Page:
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Lipids Health Dis. 2016 Nov 5;15(1):186.

Postprandial serum endotoxin in healthy humans is modulated by dietary fat in a randomized, controlled, cross-over study.

Author information

1
Department of Food Science and Human Nutrition, Iowa State University, Ames, IA, 50011, USA. joshua.lyte@ucc.ie.
2
Department of Animal Science, Iowa State University, Ames, IA, 50011, USA. joshua.lyte@ucc.ie.
3
Alimentary Pharmabiotic Centre Microbiome Institute, University College Cork, Cork, T12 YT20, Ireland. joshua.lyte@ucc.ie.
4
Department of Animal Science, Iowa State University, Ames, IA, 50011, USA.
5
Department of Food Science and Human Nutrition, Iowa State University, Ames, IA, 50011, USA.

Abstract

BACKGROUND:

High-fat diets may contribute to metabolic disease via postprandial changes in serum endotoxin and inflammation. It is unclear how dietary fat composition may alter these parameters. We hypothesized that a meal rich in n-3 (ω3) fatty acids would reduce endotoxemia and associated inflammation but a saturated or n-6 (ω6) fatty acid-rich meal would increase postprandial serum endotoxin concentrations and systemic inflammation in healthy adults.

METHODS:

Healthy adults (n = 20; mean age 25 ± 3.2 S.D. years) were enrolled in this single-blind, randomized, cross-over study. Participants were randomized to treatment and reported to the laboratory, after an overnight fast, on four occasions separated by at least one week. Participants were blinded to treatment meal and consumed one of four isoenergetic meals that provided: 1) 20 % fat (control; olive oil) or 35 % fat provided from 2) n-3 (ω3) (DHA = 500 mg; fish oil); 3) n-6 (ω6) (7.4 g; grapeseed oil) or 4) saturated fat (16 g; coconut oil). Baseline and postprandial blood samples were collected. Primary outcome was defined as the effect of treatment meal on postprandial endotoxemia. Serum was analyzed for metabolites, inflammatory markers, and endotoxin. Data from all 20 participants were analyzed using repeated-measures ANCOVA.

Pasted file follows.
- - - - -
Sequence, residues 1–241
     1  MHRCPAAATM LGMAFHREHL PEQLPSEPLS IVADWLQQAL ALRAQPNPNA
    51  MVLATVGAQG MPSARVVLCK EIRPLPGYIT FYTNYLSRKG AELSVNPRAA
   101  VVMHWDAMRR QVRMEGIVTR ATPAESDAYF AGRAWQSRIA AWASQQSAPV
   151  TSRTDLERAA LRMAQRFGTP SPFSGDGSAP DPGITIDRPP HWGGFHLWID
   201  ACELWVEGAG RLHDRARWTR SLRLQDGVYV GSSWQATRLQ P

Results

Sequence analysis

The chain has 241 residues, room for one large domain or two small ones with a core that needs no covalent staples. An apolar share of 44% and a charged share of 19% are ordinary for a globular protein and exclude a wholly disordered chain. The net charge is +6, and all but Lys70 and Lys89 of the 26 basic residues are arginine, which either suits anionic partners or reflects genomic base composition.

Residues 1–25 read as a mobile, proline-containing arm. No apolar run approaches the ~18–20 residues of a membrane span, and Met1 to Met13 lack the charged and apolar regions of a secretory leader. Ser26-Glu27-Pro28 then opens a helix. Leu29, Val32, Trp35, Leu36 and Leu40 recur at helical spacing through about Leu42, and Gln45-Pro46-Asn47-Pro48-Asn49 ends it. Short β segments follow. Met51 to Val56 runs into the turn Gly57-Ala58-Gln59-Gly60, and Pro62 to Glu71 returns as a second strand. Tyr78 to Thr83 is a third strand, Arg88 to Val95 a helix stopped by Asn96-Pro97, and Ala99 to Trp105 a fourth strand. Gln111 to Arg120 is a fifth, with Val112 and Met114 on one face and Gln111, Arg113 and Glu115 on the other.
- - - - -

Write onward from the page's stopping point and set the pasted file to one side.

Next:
RESULTS:

Participant serum endotoxin concentration was increased during the postprandial period after the consumption of the saturated fat meal but decreased after the n-3 meal (p < 0.05). The n-6 meal did not effect a different outcome in participant postprandial serum endotoxin concentration from that of the control meal (p > 0.05). There was no treatment meal effect on participant postprandial serum biomarkers of inflammation. Postprandial serum triacylglycerols were significantly elevated following the n-6 meal compared to the n-3 meal. Non-esterified fatty acids were significantly increased after consumption of the saturated fat meal compared to other treatment meals.

CONCLUSIONS:

Meal fatty acid composition modulates postprandial serum endotoxin concentration in healthy adults. However, postprandial endotoxin was not associated with systemic inflammation in vivo.

TRIAL REGISTRATION:

This study was retrospectively registered at clinicaltrials.gov as NCT02521779 on July 28, 2015.

KEYWORDS:

Diet; Endotoxin; Fat; Inflammation; Lipid; Lipopolysaccharide; Oil

PMID:
27816052
PMCID:
PMC5097840
DOI:
10.1186/s12944-016-0357-6
[Indexed for MEDLINE]
Free PMC Article

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